Netball claims to be the fastest-growing and most popular team sport for women in the world.
First played in England just over a century ago, Australia and New Zealand are now the dominant nations - but the British are not far behind.
Resembling basketball in some basics, such as the look of the court, netball is a seven-a-side game where players are restricted to specific areas according to their position. Players cannot travel with the ball, making netball a game of fast passing.
The object of the game is to outscore your opponent by shooting more balls through the goal ring.
Why is it good for you?
Netball builds (and relies upon) core strength and so can play a big role in any fitness regime.
By playing netball, you will also develop balance, coordination and teamwork - as the ability to accurately pass the ball between team-mates is vital.
There are various ways to get started in netball, beginning with
- a network of sessions across England which allow anyone aged 16 or over to start playing netball as soon as they turn up.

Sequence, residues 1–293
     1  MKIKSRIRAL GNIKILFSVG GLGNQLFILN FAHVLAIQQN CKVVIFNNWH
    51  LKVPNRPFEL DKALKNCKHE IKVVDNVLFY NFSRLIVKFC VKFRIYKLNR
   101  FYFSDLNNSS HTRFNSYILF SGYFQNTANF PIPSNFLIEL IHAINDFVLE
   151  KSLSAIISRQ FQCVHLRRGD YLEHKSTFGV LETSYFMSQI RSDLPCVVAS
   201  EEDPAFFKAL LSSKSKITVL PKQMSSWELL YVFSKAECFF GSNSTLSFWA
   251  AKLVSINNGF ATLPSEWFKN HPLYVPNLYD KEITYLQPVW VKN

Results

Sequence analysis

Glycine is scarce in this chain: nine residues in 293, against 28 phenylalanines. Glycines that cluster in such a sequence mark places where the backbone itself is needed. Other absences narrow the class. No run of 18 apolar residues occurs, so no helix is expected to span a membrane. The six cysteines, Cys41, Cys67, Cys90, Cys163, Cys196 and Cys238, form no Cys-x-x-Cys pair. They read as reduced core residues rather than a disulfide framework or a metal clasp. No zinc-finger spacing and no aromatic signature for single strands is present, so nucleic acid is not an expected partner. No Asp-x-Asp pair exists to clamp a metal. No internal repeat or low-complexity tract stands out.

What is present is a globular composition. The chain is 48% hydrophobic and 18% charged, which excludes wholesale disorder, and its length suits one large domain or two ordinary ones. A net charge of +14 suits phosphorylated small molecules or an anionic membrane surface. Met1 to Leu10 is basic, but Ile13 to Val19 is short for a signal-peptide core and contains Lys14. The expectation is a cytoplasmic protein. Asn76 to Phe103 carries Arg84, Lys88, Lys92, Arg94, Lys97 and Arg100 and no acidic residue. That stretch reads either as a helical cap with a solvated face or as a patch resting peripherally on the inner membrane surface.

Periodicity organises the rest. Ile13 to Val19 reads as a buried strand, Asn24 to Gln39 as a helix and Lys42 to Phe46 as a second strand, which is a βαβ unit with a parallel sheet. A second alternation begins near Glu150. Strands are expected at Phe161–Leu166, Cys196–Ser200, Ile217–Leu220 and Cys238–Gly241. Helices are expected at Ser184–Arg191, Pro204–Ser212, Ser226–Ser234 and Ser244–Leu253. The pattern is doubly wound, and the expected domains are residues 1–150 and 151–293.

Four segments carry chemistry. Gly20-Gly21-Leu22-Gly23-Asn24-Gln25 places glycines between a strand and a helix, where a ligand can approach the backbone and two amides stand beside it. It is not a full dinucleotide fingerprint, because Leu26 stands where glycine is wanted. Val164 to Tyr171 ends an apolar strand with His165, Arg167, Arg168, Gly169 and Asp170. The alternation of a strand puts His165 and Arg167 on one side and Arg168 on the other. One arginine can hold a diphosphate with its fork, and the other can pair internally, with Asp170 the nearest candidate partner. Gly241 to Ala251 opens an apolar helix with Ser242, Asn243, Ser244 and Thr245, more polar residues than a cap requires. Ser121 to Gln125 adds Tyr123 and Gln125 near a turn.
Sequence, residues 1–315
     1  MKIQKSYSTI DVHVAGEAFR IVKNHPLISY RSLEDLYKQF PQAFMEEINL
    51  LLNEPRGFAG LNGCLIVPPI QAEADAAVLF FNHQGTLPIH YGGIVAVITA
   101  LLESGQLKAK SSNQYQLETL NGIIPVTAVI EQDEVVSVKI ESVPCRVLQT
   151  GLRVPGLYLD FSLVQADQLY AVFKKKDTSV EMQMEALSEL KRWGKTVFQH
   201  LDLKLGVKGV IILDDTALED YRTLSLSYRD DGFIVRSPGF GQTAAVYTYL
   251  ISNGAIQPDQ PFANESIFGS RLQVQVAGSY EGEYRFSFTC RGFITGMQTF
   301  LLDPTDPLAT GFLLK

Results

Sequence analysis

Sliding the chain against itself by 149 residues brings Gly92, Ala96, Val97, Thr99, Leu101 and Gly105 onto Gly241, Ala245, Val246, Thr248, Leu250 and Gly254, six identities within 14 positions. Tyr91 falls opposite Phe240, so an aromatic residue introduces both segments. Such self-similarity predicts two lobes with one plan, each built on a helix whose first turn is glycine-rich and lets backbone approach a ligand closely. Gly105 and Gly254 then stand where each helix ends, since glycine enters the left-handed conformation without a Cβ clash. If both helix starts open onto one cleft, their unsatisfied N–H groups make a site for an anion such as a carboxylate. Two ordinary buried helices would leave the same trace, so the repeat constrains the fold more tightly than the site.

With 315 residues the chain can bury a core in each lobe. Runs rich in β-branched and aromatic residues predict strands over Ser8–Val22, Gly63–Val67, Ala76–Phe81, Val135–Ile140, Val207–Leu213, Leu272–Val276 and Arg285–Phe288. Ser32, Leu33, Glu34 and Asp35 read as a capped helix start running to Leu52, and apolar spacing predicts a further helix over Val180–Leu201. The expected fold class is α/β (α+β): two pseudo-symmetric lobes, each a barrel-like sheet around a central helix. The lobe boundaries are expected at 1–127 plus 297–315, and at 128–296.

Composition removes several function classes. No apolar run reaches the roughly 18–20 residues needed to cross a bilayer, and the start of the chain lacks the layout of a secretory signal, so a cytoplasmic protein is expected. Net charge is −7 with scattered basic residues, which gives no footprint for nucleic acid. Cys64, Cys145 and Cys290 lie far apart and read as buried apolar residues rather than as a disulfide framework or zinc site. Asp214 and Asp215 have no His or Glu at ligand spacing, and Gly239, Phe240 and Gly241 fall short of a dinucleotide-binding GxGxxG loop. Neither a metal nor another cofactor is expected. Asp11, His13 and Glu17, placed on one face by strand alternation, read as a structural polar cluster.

If you played netball at school and want to try it again,
Back To Netball
offers a gentle reintroduction to the game led by qualified coaches. For children, games like
are a fun way to start the sport.
In the south of England,
runs a number of starter sessions, as well as variants such as street netball.
Netball Scotland offers a
map of clubs
and contact details, as does
For information on clubs in Northern Ireland, visit
Netball's roots lie in the game of basketball, devised in the United States in 1891, from which a separate version of the game for women emerged.
By 1895, the first game in England had taken place and the game rapidly spread to other Commonwealth countries, but only in 1960 were the rules standardised and an international governing body formed.
The first world championships were held in England in 1967 and then every four years hence, with Australia both the current defending champions and next hosts (in 2015).
Netball is not part of the Olympic Games but has been played at the Commonwealth Games since 1998.